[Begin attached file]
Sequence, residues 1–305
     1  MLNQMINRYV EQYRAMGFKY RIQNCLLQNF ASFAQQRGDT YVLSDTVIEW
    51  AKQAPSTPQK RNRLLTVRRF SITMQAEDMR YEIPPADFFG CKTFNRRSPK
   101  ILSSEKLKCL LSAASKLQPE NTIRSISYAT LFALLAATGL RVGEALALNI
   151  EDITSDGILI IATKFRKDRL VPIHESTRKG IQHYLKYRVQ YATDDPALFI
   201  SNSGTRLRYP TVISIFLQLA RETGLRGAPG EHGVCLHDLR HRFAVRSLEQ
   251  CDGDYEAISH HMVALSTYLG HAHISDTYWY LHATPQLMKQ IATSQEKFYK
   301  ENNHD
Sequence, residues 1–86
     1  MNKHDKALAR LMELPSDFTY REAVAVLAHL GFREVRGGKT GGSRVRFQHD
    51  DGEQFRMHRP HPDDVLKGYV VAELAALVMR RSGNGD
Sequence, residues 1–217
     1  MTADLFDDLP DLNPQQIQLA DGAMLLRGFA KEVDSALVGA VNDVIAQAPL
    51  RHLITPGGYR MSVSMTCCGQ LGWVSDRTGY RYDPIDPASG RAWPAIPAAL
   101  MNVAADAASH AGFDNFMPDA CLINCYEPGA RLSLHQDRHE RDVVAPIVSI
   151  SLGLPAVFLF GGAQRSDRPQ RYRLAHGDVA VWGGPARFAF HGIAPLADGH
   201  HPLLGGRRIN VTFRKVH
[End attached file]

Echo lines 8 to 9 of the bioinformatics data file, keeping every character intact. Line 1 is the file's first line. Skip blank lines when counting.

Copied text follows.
   301  ENNHD
Sequence, residues 1–86